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The impact of vasoconstrictors on human pulmonary artery
Clinical & Experimental Cardiology

Clinical & Experimental Cardiology
Open Access

ISSN: 2155-9880

The impact of vasoconstrictors on human pulmonary artery


International Conference on Cardiovascular Medicine

August 01-02, 2016 Manchester, UK

Azar Hussain, Rob Bennett, Mubarak Chaudhry, Alyn Morice and Mahmoud Loubani

Castle Hill Hospital, UK

Scientific Tracks Abstracts: J Clin Exp Cardiolog

Abstract :

Little data are available on the characterization of the basic physiological pulmonary vascular reactivity to vasoconstrictors. The aim of this study was to characterize pharmacological properties of human pulmonary artery (PA). Patients undergoing lung resection were consented for inclusion in this study. Research ethics committee approval was obtained and total 19 patients were enrolled for this study. Pulmonary arteries dissected from disease free areas of lung resection and 57 PA rings of internal diameter 2-4 mm and 2mm long were prepared. Integrity of endothelium was confirmed with 1uM acetylcholine and KCl was used to check the contractility of PA rings. Multi-wire myograph system was used to mount the PA rings under physiological conditions in modified Krebs solution. A basal tension of 1.61gm was applied and the rings were left to equilibrate for 60 min. After equilibration increasing concentration of potassium chloride, Nor-adrenaline, Adrenaline, Vasopressin, Endothelin-1 and Prostaglandin F2a were used. Endothelin 1 was the most potent vasoconstrictor and PGF2a and KCl are equally highly efficacious. Vasopressin had no effect on the pulmonary artery while adrenaline and noradrenalin resulted in significant increase in pulmonary contraction. This study demonstrated the differential effect of vasoconstrictors on pulmonary vessels. Vasopressin may be safe to use for systemic vasoconstriction in patients with pulmonary hypertension.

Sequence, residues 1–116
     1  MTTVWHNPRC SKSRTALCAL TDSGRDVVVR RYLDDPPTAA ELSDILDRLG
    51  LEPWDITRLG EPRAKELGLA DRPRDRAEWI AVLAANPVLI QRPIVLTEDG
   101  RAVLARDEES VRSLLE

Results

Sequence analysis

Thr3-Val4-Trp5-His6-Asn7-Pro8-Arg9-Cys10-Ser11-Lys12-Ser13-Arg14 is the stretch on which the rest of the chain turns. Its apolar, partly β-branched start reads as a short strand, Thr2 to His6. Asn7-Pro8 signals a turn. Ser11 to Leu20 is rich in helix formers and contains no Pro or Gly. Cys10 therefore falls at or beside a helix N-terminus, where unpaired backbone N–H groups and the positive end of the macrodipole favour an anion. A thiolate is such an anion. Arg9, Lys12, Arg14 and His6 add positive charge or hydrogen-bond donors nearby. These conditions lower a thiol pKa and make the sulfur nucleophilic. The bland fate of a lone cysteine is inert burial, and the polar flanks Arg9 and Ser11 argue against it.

Biography :

Azar Hussain has completed his MBBS from Pakistan and completed his MRCS from Royal College of Surgeons of Edinburgh. He completed his MSc in Translational Research in cardiovascular medicine from University of Bristol. Currently, he is pursuing his MD on ‘Effect of oxygen on small human pulmonary artery’ from Hull York Medical School. He is also pursuing a diploma in Post-graduate research training and an MSc in Healthcare Improvement leadership. He published 5 papers in reputed journals and delivered talks on both national and international cardiothoracic forum.

Email: [email protected]

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